Most courts hold manufacturers and suppliers of defective products strictly liable for injuries caused by the defect. Note that anyone in the chain of distribution may be held liable, as long as they are commercial suppliers of the product. Those who occasionally sell products (i.e., selling a used car) will not be held strictly liable.
A. The elements of a cause of action are:
1) a defective product;
2) that the defect is the actual cause of the plaintiff’s injury;
3) that the defect is the proximate cause of the injury; and
4) that the plaintiff suffered injury. Note that the injury must be greater than the loss of the product itself. If the plaintiff is only seeking compensation for the loss or failure of the product, he or she should seek to recover through a warranty theory.
B) Defenses to products liability are:
1) Assumption of risk,
2) comparative fault, and
Some courts consider an allegation of misuse as an attack on the plaintiff’s prima facie case (see Part 4) .
Tests for the elements of the cause of action:
1. Defective Products
a. Manufacturing defects.
Usually, a manufacturing defect is a flaw in an individual product, which does not meet the standards of the manufacturer.
i. General Rule
(A) The product was in a defective condition that made it unreasonably dangerous for intended use, and
(B) the defect existed when the product left the defendant’s control.
Example: Coca-Cola bottle explodes in waitress’ hand. Lee v. Crookston Coca-Cola Bottling Co.
ii. The Consumer Expectations Test
The most common test for determining whether a product is defective is the Consumer Expectations Test. If the product is more dangerous than a reasonable consumer would expect, it’s defective.
The test does not work well where:
(A) The Plaintiff needs an expert to establish the product is defective.
(B) The Plaintiff is a child.
(C) The Plaintiff is unfamiliar with the product.
(D) The Plaintiff is a bystander.
(E) The design is inherently dangerous.
See Jackson v. Nestle; Leichtamer v. American Motors
b. Design Defects
i. Risk-Utility Test
(A) The product design is more dangerous than an ordinary consumer would expect, and
(B) The risks inherent in the design outweigh its benefits. Balance (1) against (2).
(1) The benefit of present design, including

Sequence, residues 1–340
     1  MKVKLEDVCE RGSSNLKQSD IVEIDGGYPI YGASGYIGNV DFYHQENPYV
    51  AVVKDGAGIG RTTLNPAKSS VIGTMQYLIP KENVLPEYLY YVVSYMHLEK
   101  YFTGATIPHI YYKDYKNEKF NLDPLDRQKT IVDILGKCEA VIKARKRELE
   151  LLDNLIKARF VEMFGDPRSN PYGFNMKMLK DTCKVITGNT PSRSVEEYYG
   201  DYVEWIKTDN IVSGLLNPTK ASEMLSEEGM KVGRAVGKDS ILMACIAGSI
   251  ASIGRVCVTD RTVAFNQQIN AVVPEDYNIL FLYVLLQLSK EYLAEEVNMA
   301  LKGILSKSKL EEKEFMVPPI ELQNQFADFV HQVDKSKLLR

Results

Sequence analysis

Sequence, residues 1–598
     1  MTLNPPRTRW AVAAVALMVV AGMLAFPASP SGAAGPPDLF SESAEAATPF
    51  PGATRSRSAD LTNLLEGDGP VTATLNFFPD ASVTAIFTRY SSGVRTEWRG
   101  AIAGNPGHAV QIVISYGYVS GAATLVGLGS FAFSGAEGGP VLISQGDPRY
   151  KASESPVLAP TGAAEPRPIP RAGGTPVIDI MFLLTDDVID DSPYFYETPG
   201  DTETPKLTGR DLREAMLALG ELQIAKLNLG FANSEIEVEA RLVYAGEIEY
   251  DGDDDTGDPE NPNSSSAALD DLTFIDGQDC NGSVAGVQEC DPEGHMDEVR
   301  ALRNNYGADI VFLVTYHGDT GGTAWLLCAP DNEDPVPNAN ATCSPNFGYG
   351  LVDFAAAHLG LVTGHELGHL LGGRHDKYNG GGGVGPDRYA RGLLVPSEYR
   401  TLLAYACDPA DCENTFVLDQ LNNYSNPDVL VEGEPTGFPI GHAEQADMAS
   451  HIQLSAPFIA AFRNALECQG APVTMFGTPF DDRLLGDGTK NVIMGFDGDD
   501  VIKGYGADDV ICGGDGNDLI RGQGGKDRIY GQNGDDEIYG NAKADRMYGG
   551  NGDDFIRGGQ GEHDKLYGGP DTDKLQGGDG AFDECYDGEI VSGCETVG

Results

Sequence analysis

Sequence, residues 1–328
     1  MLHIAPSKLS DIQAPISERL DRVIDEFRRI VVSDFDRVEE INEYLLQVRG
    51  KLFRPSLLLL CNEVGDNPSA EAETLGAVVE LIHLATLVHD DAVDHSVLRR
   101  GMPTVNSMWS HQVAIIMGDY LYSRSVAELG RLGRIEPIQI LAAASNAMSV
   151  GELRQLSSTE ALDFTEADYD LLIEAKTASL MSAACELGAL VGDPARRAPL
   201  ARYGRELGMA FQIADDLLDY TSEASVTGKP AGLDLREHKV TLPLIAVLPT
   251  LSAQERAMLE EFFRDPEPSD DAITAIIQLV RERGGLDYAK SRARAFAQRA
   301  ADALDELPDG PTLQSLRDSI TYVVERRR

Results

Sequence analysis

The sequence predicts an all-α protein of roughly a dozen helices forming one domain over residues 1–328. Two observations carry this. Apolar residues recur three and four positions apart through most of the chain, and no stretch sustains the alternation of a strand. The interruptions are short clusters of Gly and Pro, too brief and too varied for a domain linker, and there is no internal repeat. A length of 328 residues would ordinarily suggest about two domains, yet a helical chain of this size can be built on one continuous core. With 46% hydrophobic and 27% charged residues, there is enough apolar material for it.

(a) whether there is a reasonable alternative design, and
(b) the costs of the reasonable alternative design.
(2). The risk of injury/danger posed by present design, including
(a) the likelihood of harm, and
(b) the severity of harm.
ii. Consumer Expectations Test- see above.
iii. California Rule (small minority) From Barker v. Lull Engineering.
(A) The plaintiff must prove that either:
(1) the product did not meet consumer expectations, or
(2) the product proximately caused P’s injury.
(B) If the plaintiff meets his burden, the burden shifts to D to prove that the utility of the product outweighs risk.
iv. Drugs- As long as the patient is properly warned of the risks of the drug, design defect liability is ruled out.
c. Information Defects
The Defendant must warn against dangers that are not apparent to consumers. This includes dangers due to foreseeable misuse.
1. Adequate Warning Rule
In general, warnings must:
(A) contain information necessary to permit a reasonable person to avoid the danger, and
(B) be sufficiently forceful and clear. See Carruth v. Pittway Corp. (inadequate instructions for placement of smoke alarm).
2. Heeding Presumption
Courts generally presume a warning would have been heeded if it had been given. In Liriano v. Hobart Corp., for example, the court stated that the burden was on the Defendant to show lack of warning was not the actual cause of the Plaintiff’s injury.
c. Learned Intermediary Rule
For drugs, the manufacturer only needs to warn the prescribing doctor.
1. Assumption of Risk
Defendant must show that the Plaintiff
a. knew of the risk, and
b. unreasonably continued to use the product.
2. Comparative Fault
a. Restatement/California: Use comparative fault rules to reduce Plaintiff’s recovery (compare P’s fault to D’s).
b. Many states will not apply comparative fault when the Plaintiff’s only negligence was to fail to discover, or guard against, the defect.
c. Bowling v. Heil Co. (Ohio): no comparative fault in PL cases.
Assertion that the Plaintiff used the product in an unforeseeable manner.
a. Was the Plaintiff’s misuse of the product unforeseeable? Put another way, was the misuse unreasonable?
b. If the Defendant could foresee the Plaintiff’s misuse of the product, the Defendant is liable. Plaintiff’s recovery may still be reduced on a comparative fault basis.
c. If the Defendant could not foresee the Plaintiff’s misuse, the Defendant is not liable, because either
i) the product was not defective, or
ii) the defect was not the proximate cause of the Plaintiff’s injury.
Note that at least one court has held that misuse is an attack on the prima facie case (lack of proximate cause), as opposed to an affirmative defense. Under this view, the burden is on the Plaintiff to show that he or she used or misused the product in a manner foreseeable by the Defendant. Hughes v. Magic Chef, Inc.